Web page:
First Nations Issues 2014-15 RFP for Urban Native Nonprofit Human Service Focus
First Nations Development Institute (First Nations) and the National Urban Indian Family Coalition (NUIFC) are accepting applications from nonprofit organizations that increase the availability and effectiveness of comprehensive community programs in urban Indian centers and communities. The project also supports new and expanded activities in urban Indian environments with the goal of improving opportunities that can be attained in all Native American urban communities.
With Kresge Foundation support, First Nations and NUIFC will work directly with three urban Native American nonprofits to help them improve their management and leadership skills. Capacity building grants will be awarded to organizations whose core mission is to serve and engage with urban American Indian populations through a mix of housing, child welfare, employment, food bank, workforce, youth development, cultural, language, financial education, recreation, and commercial amenities.
GRANT MAKING PRIORITIES
First Nations receive many proposals from qualified organizations than it is able to fund, therefore, the application process is highly competitive.
When making funding decisions, First Nations prioritizes organizations that exhibit these characteristics:
- Actively engages American Indian community members in future changes to the urban environment
- Capacity, ability and interest in providing, or expanding on existing integrated asset building programs that include Native American-controlled Community Development Financial Institutions (CDFIs), housing programs, Individual Development Account (IDA) programs, financial education programs and financial service programs (e.g. Earned Income Tax Credit and Volunteer Income Tax Assistance (VITA)) that are conduits for building their communities’ ability to improve management of and access to (primarily financial) assets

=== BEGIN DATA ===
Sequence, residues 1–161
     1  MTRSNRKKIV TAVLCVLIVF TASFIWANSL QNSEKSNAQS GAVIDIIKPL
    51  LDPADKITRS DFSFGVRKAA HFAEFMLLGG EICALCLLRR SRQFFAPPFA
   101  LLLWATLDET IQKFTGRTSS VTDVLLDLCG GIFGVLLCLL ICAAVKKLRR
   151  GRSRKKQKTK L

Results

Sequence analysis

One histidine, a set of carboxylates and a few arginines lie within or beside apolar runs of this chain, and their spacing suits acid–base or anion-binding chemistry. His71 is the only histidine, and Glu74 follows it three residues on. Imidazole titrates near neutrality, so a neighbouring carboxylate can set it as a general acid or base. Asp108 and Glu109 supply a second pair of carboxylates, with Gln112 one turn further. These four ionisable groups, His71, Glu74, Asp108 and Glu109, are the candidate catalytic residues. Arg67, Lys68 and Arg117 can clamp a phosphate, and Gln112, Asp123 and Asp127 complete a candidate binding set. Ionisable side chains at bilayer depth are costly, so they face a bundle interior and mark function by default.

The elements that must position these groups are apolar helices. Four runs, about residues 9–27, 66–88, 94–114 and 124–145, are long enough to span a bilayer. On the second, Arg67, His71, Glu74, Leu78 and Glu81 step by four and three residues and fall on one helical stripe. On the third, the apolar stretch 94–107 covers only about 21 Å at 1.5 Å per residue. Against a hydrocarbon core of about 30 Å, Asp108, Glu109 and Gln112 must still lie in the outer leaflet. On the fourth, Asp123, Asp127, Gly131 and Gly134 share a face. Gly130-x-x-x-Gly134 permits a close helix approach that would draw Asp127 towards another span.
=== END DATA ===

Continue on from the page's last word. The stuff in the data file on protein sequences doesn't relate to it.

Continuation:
- Serve as information center and resource for the community while realizing cultural preservation and leveraging cultural assets
- Engages American Indian community members in thinking about long-term outcomes and the way in which to engage productive process to hold institutions accountable to best practices and policy as the urban landscape grows and changes
- Highlight the urban experience and expertise of your nonprofit and act as a good model of good planning, infrastructure, community organizing and leadership
- Name up to ten individuals/leaders to engage in an organizational assessment and/or on-site training, and share practices, exchange information, and explore strategies with other American Indian urban projects/centers/nonprofit organizations thorugh First Nation’s Leadership Academy. These leaders will have interest and ability to discuss, debate, and analyze the current and future social, political, cultural, economic, and environmental landscape in the urban environment
- Offer innovative programs and services that reflect evidence-based solutions, and/or that represent creative, effective approaches to addressing persistent needs or challenges
- Support of additional local and/or regional partner organizations and leaders
- Receive support from other foundation and corporate funders
- Ability to meet the specific needs of partners and funders
- Ability to carry out the logistical and practical preparation for a two-day meeting (secures facility for the meeting, provide audio-visual equipment, arrange for field trip or tour).
- Intention and readiness to implement actions emerging from training and technical assistance activities.
The greater the number of these characteristics that describe your organization, the more competitive your application will likely be.
To be eligible, nonprofit organizations must be recognized as tax exempt under Section 501(c)(3) of the Internal Revenue Code. Applicants can be national urban American Indian centers or Native nonprofits based in urban settings.